Tchaikovsky wrote the Fifth, one of his most admired symphonies, in the summer of 1888. It was a highly personal composition, as when he began work on the score he was suffering from depression and a lack of confidence, and was also physically unwell. Fortunately, he found some respite from his troubles in the countryside around his house in Frolovskoye, close to Klin outside Moscow. The E minor score reflects that emotional pain and anguish Tchaikovsky had been experiencing at the time of its composition. The Fifth can be seen as a journey from dark despair to bright optimism. In each movement, Tchaikovsky employs a recurring motto, sometimes named the ‘Fate’ theme.

Mehta is a trustworthy guide throughout Tchaikovsky’s impassioned journey, written while he was in a state of intense self-doubt; a convincingly sombre tone permeates the score, but out of the melancholy emerge beams of sunlight to provide a gratifying sense of positivity. 

There is a high level of exuberance and buoyancy in the first movement; Mehta emphasises the wealth of themes and motifs; the playing of the pair of clarinets in the despondent ‘fate’ motto is especially successful. The main theme in the Andante cantabile, a movement redolent of a musical love-letter, stands out gloriously. The famous horn solo, one of the repertory’s greatest, is quite exquisitely played. Mehta demonstrates excellent control of the moods, contrasting the stirring drama contrasted with intense sorrow. As with the entire symphony, Mehta here adopts a sensible approach to tempo and dynamics without resorting to injudicious extremes.

Marked Valse. Allegro moderato, the third movement feels like welcome relief after all the emotional energy expended before. The performance of Mehta’s players in this light and lissom waltz has a persuasive charm. My watchwords in Tchaikovsky’s majestic final movement are anticipation and exhilaration, which Mehta and his players achieve adeptly, resulting in a stirringly dramatic conclusion.

Tchaikovsky’s Fifth Symphony has proved a highly popular choice for conductors in the recording studio and the competition amongst the many recordings is fierce. Of the older recordings, I savour Yevgeny Mravinsky conducting the Leningrad Philharmonic Orchestra in a red-blooded live account from 1960 at the Musikverein, Vienna, and remastered on Deutsche Grammophon ‘The Originals’.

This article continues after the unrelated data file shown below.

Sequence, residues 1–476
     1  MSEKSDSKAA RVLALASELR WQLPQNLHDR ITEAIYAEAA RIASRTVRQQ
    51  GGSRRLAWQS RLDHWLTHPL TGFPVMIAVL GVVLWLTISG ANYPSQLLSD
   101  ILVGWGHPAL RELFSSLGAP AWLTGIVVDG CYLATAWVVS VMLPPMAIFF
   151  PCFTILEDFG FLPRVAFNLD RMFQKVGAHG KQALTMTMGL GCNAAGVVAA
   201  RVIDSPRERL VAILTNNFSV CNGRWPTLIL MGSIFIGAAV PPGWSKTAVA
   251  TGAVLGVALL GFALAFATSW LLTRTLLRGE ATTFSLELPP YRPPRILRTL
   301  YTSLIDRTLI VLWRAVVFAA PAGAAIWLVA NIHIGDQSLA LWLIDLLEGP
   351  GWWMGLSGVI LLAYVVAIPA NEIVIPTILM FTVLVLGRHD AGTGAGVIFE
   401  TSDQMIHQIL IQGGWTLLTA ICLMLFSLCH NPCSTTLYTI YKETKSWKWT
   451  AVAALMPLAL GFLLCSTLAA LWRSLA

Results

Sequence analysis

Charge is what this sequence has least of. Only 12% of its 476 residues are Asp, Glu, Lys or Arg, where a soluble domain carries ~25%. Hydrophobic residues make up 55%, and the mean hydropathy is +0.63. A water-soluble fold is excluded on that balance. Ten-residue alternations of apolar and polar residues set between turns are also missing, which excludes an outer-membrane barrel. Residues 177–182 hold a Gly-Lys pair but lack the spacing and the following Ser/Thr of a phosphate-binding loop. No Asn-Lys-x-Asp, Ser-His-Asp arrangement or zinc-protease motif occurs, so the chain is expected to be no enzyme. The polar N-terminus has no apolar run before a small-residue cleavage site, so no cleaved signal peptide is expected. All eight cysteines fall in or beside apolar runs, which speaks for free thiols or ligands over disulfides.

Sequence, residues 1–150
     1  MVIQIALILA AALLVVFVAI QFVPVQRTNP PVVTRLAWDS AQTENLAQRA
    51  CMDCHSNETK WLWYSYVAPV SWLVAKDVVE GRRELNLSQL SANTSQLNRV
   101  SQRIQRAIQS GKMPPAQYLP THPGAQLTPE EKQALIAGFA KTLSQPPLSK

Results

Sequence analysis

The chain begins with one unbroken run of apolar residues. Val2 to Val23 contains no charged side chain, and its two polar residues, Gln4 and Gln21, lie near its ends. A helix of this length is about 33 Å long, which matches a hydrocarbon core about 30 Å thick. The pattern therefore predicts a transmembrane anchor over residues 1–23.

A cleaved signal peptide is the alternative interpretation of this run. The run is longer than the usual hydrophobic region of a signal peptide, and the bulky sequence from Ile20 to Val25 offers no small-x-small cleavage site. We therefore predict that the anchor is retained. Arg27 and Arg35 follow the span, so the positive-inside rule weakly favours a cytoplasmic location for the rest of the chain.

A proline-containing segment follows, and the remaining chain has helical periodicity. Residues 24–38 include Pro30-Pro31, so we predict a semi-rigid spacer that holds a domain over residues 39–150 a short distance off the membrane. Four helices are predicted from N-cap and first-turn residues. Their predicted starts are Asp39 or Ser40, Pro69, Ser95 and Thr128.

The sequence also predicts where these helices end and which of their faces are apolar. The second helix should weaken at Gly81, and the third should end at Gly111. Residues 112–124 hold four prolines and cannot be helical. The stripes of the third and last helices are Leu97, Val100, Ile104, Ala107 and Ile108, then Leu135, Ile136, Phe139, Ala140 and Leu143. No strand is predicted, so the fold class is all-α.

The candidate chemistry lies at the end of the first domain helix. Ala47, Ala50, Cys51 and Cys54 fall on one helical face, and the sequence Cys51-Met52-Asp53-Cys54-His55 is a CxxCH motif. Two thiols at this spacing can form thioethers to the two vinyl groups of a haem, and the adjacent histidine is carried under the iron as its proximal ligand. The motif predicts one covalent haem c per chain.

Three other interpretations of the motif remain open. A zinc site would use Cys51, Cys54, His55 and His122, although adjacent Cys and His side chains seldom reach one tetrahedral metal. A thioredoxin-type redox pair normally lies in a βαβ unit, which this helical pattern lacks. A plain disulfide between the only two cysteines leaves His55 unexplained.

Currently, I am greatly enjoying playing the first-rate account by Manfred Honeck with the Pittsburgh Symphony. I am not referring to Honeck’s admired 2006 recording with the same orchestra on Exton (review); my utmost praise goes to Honeck’s more recent live 2022 account recorded at Heinz Hall, Pittsburgh on Reference Recordings, part of the Pittsburgh Live! Series (review), where he conducts an even more successful performance which is hard to beat for its dramatic intensity. Mehta is thus up against more dynamic accounts of the Fifth, but none are able to match the level of profundity, coherence and sincerity that he and his players achieve in this outstanding live performance. 

Both this and the Liszt work were recorded for radio broadcast by the Bavarian Radio and the sound quality is very satisfying; there is little unwanted noise and the applause at the conclusion of each work has been removed. The booklet contains a worthwhile essay providing basic information for each work.

Michael Cookson